Thomas Cole (1801–1848)
Hunters in a Landscape, 1824–1825
Oil on canvas, 28¼ × 35½ in.
Thomas Cole National Historic Site, Gift of Dr. Susan Gates Austin Warner , TC.2019.XXXX
In early works like this, probably inspired by Cole’s first hikes through the Catskill Mountains, the artist divides the landscape into distinct visual registers. In the background there is a lake and mountain range. In the foreground, two figures, each dressed in different clothing, perhaps hunters or hikers, meet on a carriage path. One of the most illuminated sections of the painting is a gnarled tree that has three trunks, each in a different stage of life. In Essay on American Scenery (1836), Cole writes:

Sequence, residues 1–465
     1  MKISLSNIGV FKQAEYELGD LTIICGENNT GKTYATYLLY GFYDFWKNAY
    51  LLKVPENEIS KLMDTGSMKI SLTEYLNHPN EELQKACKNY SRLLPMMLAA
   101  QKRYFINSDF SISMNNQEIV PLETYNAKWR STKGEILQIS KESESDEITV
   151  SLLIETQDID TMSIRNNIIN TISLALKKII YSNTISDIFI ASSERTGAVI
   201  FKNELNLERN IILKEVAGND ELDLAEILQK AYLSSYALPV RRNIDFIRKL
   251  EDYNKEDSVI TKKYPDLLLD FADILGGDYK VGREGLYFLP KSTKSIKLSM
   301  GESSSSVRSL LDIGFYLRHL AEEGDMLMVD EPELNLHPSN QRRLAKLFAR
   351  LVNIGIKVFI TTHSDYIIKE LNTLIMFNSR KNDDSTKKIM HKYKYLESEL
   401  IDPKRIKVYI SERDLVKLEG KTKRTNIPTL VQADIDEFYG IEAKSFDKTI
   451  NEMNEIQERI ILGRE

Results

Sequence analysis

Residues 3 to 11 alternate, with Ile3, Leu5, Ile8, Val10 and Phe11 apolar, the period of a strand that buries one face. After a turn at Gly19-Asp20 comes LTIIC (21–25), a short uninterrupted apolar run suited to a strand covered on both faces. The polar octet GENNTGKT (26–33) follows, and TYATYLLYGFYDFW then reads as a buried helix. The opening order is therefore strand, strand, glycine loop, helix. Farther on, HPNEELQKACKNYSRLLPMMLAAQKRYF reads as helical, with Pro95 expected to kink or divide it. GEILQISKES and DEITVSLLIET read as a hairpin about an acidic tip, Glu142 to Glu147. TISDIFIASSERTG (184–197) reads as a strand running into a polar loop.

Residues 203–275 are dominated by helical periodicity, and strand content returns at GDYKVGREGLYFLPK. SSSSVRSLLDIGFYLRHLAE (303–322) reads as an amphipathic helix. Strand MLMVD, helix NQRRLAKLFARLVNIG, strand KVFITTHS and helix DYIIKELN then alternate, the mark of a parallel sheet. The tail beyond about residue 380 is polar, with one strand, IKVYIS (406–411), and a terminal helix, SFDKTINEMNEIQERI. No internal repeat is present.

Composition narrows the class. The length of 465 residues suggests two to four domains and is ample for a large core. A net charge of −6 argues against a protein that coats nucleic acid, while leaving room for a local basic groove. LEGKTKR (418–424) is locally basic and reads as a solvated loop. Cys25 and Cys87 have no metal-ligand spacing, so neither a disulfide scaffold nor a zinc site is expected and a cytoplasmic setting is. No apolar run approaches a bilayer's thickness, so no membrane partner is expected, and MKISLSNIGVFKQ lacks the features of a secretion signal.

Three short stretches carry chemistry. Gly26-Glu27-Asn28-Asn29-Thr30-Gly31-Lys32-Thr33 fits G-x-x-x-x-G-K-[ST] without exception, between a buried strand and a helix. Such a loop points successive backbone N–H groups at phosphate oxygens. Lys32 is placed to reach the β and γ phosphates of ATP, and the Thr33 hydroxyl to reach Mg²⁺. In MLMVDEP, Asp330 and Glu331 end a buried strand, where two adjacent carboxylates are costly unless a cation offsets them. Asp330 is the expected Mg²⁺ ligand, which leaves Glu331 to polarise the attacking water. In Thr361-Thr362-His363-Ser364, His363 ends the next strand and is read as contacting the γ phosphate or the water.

“Trees are like men, differing widely in character; in sheltered spots, or under the influence of culture, they show few contrasting points; peculiarities are pruned and trained away, until there is a general resemblance. But in exposed situations, wild and uncultivated, battling with the elements and with one another for the possession of a morsel of soil, or a favoring rock to which they may cling—they exhibit striking peculiarities, and sometimes grand originality.”
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